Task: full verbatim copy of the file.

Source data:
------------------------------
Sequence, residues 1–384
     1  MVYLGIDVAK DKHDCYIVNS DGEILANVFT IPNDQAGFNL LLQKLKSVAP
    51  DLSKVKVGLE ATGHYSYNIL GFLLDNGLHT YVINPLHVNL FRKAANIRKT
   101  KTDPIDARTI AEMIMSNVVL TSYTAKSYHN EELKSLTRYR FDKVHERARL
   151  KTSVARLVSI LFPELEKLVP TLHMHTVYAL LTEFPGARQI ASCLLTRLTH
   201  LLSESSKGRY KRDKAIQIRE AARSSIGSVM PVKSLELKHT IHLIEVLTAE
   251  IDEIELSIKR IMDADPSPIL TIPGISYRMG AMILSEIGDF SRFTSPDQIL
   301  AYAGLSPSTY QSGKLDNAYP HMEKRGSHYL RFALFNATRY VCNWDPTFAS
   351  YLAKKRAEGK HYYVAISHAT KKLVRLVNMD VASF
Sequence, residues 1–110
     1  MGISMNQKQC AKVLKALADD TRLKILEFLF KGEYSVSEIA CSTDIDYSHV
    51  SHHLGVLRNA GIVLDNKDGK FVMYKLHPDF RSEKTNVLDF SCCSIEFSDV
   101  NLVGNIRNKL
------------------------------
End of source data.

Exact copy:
Sequence, residues 1–384
     1  MVYLGIDVAK DKHDCYIVNS DGEILANVFT IPNDQAGFNL LLQKLKSVAP
    51  DLSKVKVGLE ATGHYSYNIL GFLLDNGLHT YVINPLHVNL FRKAANIRKT
   101  KTDPIDARTI AEMIMSNVVL TSYTAKSYHN EELKSLTRYR FDKVHERARL
   151  KTSVARLVSI LFPELEKLVP TLHMHTVYAL LTEFPGARQI ASCLLTRLTH
   201  LLSESSKGRY KRDKAIQIRE AARSSIGSVM PVKSLELKHT IHLIEVLTAE
   251  IDEIELSIKR IMDADPSPIL TIPGISYRMG AMILSEIGDF SRFTSPDQIL
   301  AYAGLSPSTY QSGKLDNAYP HMEKRGSHYL RFALFNATRY VCNWDPTFAS
   351  YLAKKRAEGK HYYVAISHAT KKLVRLVNMD VASF
Sequence, residues 1–110
     1  MGISMNQKQC AKVLKALADD TRLKILEFLF KGEYSVSEIA CSTDIDYSHV
    51  SHHLGVLRNA GIVLDNKDGK FVMYKLHPDF RSEKTNVLDF SCCSIEFSDV
   101  NLVGNIRNKL